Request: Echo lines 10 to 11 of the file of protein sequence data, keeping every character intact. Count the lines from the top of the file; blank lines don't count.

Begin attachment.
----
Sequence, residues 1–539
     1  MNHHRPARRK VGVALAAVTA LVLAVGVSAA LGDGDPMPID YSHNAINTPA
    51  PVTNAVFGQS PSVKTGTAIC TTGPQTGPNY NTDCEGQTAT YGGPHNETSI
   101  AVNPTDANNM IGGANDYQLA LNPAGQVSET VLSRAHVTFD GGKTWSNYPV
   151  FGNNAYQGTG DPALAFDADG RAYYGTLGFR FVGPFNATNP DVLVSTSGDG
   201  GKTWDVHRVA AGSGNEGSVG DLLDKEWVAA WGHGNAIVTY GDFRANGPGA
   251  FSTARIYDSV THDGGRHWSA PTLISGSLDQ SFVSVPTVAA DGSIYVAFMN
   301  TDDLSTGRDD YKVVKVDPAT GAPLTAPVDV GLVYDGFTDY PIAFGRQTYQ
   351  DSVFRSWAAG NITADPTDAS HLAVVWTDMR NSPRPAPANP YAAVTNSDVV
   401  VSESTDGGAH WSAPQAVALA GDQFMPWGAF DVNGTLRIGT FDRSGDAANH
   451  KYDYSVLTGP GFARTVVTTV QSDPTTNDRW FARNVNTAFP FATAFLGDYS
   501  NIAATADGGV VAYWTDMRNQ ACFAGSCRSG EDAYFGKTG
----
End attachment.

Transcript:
   401  VSESTDGGAH WSAPQAVALA GDQFMPWGAF DVNGTLRIGT FDRSGDAANH
   451  KYDYSVLTGP GFARTVVTTV QSDPTTNDRW FARNVNTAFP FATAFLGDYS